Stephen Via presented a portion of his doctoral dissertation research quantifying community level impacts of buried explosives, which have long lasting implications on composition, structure and functional traits.  Paul Manley talked about his master's research on remote sensing detection of explosives using plants.  We were interviewed by livescience thanks to the excellent talks by Paul and Stephen.  Check out the story here:

Finally, no meeting is complete without experiencing what the area has to offer.  We visited local parks and enjoyed the different vegetation of California, tasted local drinks at wineries and breweries, and of course hiked at the Pacific Coast.

Posted by: Julie Zinnert

Tuesday, August 12, 2014

Graduate student awards to travel to Crete

Graduate students, Stephen Via and Paul Manley II received travel awards to present cutting edge research on plants and explosives at the 11th annual International Phytotechnologies Conference in Crete! They will present research on the effects of explosives on plant communities and advances in using remote sensing of plants to detect contaminated soils. We are very proud of their hard work and effort and excited for their trip!

Sign at Duck Field Research Facility where unexploded ordnances continue to pose a threat. Photo credit: Julie Zinnert


Friday, July 18, 2014

Paper published on coastal woody plant and vine associations

Spencer Bissett’s research is focused on the role of vines in shaping communities in coastal ecosystems, specifically large-scale successional effects.  In his recently-published paper, "Linking habitat with associations of woody vegetation and vines on two mid-Atlantic barrier islands" describes our findings comparing woody and vine plant communities at two sites.  Working at Hog Island, off the Eastern Shore of Virginia, and the Duck Field Research Facility in the Outer Banks of North Carolina, Spencer measured environmental variables including soil acidity, soil salinity, elevation, and distance from shoreline at multiple plots, and related these variables to the presence of plants across the sites to test whether these variables affected distributions of woody vegetation or vine species.  Vine presence was positively affected by woody plant presence, which in turn was most strongly influenced by elevation.  In some places, vines were so thick Spencer could walk over the shrubs.  Future research will focus on species-specific relationships, in a continuing effort to better understand the influences contributing to vine presence and success in these fragile, dynamic, and highly environmentally-responsive coastal habitats.  The article can be found at: or by emailing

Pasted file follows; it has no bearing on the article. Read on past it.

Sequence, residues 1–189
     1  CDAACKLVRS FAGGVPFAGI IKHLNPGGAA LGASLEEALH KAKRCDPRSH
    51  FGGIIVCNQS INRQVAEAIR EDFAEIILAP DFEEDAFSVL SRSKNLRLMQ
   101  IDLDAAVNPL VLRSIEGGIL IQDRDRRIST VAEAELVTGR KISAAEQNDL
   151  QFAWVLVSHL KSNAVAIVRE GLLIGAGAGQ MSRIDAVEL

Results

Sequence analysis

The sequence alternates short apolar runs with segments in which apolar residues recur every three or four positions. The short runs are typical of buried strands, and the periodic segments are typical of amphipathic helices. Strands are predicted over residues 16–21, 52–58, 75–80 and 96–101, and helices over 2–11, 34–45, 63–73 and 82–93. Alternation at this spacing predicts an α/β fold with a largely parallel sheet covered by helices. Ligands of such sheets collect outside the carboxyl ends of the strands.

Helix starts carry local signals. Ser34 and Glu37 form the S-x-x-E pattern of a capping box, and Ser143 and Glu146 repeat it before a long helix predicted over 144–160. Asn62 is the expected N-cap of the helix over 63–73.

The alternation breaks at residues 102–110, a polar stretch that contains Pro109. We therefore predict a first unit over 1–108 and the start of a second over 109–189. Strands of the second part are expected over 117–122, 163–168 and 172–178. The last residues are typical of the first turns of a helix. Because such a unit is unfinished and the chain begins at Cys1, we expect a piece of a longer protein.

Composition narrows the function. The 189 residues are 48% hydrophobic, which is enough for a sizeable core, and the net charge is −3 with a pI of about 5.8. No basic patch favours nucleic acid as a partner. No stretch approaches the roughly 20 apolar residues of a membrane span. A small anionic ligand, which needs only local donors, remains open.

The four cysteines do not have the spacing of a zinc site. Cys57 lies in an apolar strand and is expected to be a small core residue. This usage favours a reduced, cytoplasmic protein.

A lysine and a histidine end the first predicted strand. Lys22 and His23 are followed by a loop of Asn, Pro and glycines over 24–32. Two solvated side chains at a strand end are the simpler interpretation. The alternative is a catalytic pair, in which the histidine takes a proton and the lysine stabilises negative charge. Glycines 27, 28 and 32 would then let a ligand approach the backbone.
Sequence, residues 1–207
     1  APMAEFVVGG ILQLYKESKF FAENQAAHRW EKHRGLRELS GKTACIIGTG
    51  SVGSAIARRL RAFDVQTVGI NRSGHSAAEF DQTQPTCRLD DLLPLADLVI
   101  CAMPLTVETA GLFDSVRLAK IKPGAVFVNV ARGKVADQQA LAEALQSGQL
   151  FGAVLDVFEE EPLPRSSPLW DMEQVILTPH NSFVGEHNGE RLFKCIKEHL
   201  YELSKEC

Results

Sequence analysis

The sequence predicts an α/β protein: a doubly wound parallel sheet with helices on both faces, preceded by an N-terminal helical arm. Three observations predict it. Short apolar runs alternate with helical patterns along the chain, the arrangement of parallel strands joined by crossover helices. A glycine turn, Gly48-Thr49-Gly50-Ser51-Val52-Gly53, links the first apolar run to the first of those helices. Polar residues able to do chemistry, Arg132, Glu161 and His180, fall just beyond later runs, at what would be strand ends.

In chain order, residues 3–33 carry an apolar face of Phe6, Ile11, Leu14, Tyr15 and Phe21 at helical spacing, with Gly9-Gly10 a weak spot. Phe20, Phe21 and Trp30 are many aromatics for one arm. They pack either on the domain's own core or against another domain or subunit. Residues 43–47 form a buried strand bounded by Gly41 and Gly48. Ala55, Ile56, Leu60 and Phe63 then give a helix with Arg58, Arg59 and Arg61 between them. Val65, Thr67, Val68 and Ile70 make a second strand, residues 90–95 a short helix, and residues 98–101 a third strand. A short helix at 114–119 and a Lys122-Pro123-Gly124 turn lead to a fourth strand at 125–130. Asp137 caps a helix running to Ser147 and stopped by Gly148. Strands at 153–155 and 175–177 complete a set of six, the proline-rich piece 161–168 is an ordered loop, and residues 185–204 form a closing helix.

Image: Smilax sp. covering Morella cerifera thicket. Photo credit: Spencer Bissett

Tuesday, July 8, 2014

Plant ecology and hydrology

Our visit to University of Córdoba was productive and successful. Dr. Maria Jose Polo and Dr. Cristina Aguilar presented their work on hydrological models of the Guadalquivir River. Dr. Rafael Villar presented research on plant functional traits and relationships with plant and ecosystem functioning. We are developing research to examine plant functional traits and community changes along riverine environmental gradients, as well as incorporating vegetation changes and subsequent hydrological/biotic feedbacks into models.  We will be considering students interested in pursuing this line of research. Other areas of research that integrate physical and biotic interactions will be developed by VCU Biology and UCO faculty.  During our visit we also enjoyed great food (the essence of the CPEL lab) and wonderful friendship.    

Sunday, June 22, 2014

Headed to Córdoba, Spain

We are excited to begin a new adventure with our colleagues from the University of Córdoba to develop both a degree program and research collaboration focusing on the impacts of sea-level rise on two river ecosystems. CPEL is interested in the interaction between vegetation and hydrology, the functional traits of plants that enhance resiliency to sea-level rise, and remote sensing methods that enhance our understanding of ecohydrologic dynamics.  This program will provide opportunities for students to get involved in research both here and in  Córdoba. Details from our trip to come.....